Caffeine has received mixed reviews over the years. It's been implicated in promoting everything from breast cysts In women to various cancers and heart-rhythm disturbances. In most cases, these initially alarming reports didn't bold up under the scrutiny of subsequent
scientific study. For most people, caffeine Is a relatively benign drug. One report last year even showed that it might help prevent suicides. Concerning athletics, the research on caffeine is equivocal. Early studies showed that it might spare muscle glycogen by promoting
faster fat release in the body. That theory was based on caffeine's ability to stimulate the flow of epinephrine, an adrenal hormone that fosters fat release from fat cells.
Other data, however, show that this ergogenic effect wears off in habitual caffeine users. Still other research shows that combining caffeine with carbohydrates totally negates the fat-releasing effect. Studies that examined the effects of caffeine on anaerobic training (this includes weight training) also evinced mixed results. Caffeine may increase strength by promoting calcium transport in a part of muscle tissue called the sarcoplasmic reticulum. Another study found that caffeine increases strength by altering the perception of effort; that is, it makes you think you're stronger. Some people favor caffeine for its thermogenic effect - the conversion of fat calories into beat. Even a single cup of coffee, which contains approximately 100 milligrams of caffeine, can elevate the resting metabolic rate in overweight and lean individuals alike by three or four percent over a two-hour period. And consuming caffeine at two-hour intervals for 12 hours leads to an eight to 11% increase in energy expenditure. Caffeine's thermogenic effect is enhanced by exercise, as well as by combining it with other thermogenic agents, such as ephedrine and aspirin.
The best way to obtain ergogenic benefits inherent in caffeine is through caffeine Itself, rather than from a caffeine-containing product, such as coffee This was pointed out by Canadian researchers, who found that an unidentified component present in coffee inhibits the ergogenic effect of caffeine, Including the increased epinephrine secretion that promotes fat-cell release. A study reported in this column last year noted that caffeine interferes with the ergogenic effects of creatine That investigation did not offer a reason, but it may relate to the increased acid secretion caused by typical caffeine-containing beverages, such as coffee. Excess acid converts creatine into creatinine, a useless byproduct. This still fails to explain the initial positive findings concerning the ergogenic effects of creatine reported in 1992. That research involved supplying creatine mixed in tea - which also contains caffeine - yet the beverage didn't interfere with creatine uptake in the body.
A new study, published in the American Journal of Epidemiology (144:642-44, 1996), reports the most ominous finding yet for bodybuilders: Caffeine may interfere with testosterone activity. Apparently, caffeine increases the liver's synthesis of a blood protein, called sex- hormone binding globulin (SHBG), that binds to testosterone. Research shows that 50-65% of all testosterone circulating in the blond is bound to SHBG, with the rest bound to another blood protein called albumin. The binding action of testosterone to SHBG Is much stronger than it is to albumin, making all testosterone bound to SHBG Inactive. Only about one or two percent of circulating testosterone Is unbound, or free, and only this form can enter cells. SHBG levels are lower in obese people, which explains why they rarely show decreased testosterone activity, even though they usually produce less testosterone than their leaner peers. Several substances can raise or lower SHBG levels. Substances that increase SHBG include estrogen, thyroid hormone and, according to this new study, caffeine. Substances that lower SHBG include growth hormone, insulin and androgens. For this reason, the substances in the latter category will increase testosterone activity in the body.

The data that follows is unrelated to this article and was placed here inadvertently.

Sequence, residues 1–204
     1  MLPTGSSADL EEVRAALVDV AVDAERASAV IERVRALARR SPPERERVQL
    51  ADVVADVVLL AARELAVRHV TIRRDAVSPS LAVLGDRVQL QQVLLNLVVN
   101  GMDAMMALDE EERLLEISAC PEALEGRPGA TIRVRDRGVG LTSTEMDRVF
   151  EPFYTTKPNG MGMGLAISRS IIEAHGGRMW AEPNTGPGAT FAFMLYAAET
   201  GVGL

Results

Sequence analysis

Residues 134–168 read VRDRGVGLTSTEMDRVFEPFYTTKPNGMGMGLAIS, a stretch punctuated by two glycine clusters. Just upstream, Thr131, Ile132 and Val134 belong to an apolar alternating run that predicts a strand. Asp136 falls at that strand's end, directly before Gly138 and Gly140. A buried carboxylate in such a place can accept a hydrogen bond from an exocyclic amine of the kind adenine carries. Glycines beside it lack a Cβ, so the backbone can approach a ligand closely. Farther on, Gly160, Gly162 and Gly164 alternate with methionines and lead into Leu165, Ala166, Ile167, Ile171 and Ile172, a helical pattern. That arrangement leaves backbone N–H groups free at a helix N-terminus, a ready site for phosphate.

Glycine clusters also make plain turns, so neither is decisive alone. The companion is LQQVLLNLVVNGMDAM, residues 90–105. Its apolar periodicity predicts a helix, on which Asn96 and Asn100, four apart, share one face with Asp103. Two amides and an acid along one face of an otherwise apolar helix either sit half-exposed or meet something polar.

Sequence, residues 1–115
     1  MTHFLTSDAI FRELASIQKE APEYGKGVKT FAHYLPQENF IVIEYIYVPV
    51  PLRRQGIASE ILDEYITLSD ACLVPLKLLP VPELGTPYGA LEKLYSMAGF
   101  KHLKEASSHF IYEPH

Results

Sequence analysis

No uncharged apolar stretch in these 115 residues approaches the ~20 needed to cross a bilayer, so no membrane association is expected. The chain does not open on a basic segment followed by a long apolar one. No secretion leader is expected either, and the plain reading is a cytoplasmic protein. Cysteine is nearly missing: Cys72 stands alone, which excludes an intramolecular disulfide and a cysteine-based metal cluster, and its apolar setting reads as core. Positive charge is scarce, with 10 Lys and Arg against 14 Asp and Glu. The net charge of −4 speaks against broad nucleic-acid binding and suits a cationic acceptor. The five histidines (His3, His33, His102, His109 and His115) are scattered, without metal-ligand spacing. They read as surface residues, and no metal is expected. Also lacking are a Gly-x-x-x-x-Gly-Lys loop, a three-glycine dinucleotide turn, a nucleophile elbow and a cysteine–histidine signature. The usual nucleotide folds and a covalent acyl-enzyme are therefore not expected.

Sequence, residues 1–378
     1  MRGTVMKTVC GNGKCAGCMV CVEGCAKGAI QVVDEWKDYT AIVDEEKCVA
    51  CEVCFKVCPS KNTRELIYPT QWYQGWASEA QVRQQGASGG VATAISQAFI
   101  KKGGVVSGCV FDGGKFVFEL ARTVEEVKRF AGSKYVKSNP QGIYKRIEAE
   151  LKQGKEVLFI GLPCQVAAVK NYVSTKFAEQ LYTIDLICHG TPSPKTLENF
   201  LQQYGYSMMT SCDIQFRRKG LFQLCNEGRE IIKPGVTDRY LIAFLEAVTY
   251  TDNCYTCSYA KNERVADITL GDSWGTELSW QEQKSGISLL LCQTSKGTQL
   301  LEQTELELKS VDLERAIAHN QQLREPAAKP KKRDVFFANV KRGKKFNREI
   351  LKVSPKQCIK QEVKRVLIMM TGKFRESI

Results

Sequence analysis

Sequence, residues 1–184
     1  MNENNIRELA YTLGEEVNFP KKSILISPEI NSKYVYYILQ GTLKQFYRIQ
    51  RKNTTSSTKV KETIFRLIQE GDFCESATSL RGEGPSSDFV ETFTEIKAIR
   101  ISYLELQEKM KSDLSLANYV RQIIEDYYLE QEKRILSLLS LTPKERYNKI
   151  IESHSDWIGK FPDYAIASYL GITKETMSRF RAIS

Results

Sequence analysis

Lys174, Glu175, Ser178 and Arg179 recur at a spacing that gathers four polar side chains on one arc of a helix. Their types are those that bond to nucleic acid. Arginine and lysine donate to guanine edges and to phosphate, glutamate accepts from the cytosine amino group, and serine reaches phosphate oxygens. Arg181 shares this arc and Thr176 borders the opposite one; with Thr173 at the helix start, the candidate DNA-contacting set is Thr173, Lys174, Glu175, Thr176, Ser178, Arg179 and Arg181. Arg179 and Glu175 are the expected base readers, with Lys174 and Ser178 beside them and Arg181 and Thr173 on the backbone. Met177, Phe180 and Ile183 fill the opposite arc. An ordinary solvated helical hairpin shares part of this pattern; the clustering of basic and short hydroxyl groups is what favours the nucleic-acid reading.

This study did not explain how caffeine increases. In addition, the study subjects were older women, which Immediately raises a red flag. Several years ago, the trace mineral boron was found to increase testosterone levels. It did but only in older women. Subsequent research involving athletes found no testosterone-increasing effect from boron. The same may hold true for this new caffeine study. The side effect may be limited to older women, possibly through an interaction with estrogen, which is known to increase SHBG levels in the liver. Since no reports exist that testosterone activity is reduced in males who are heavy caffeine users, the effect may be limited to older women. Let's hope so: I'd hate to give up my two morning cups of java!
By the way, if you've ever wondered about lethal doses of caffeine some people have died from ingesting too much - here's a rundown of over dosage: 200 caffeinated sodas, 125 cups of tea or 75 cups of coffee, consumed at one sitting. You will die from either respiratory failure or cardiovascular shock.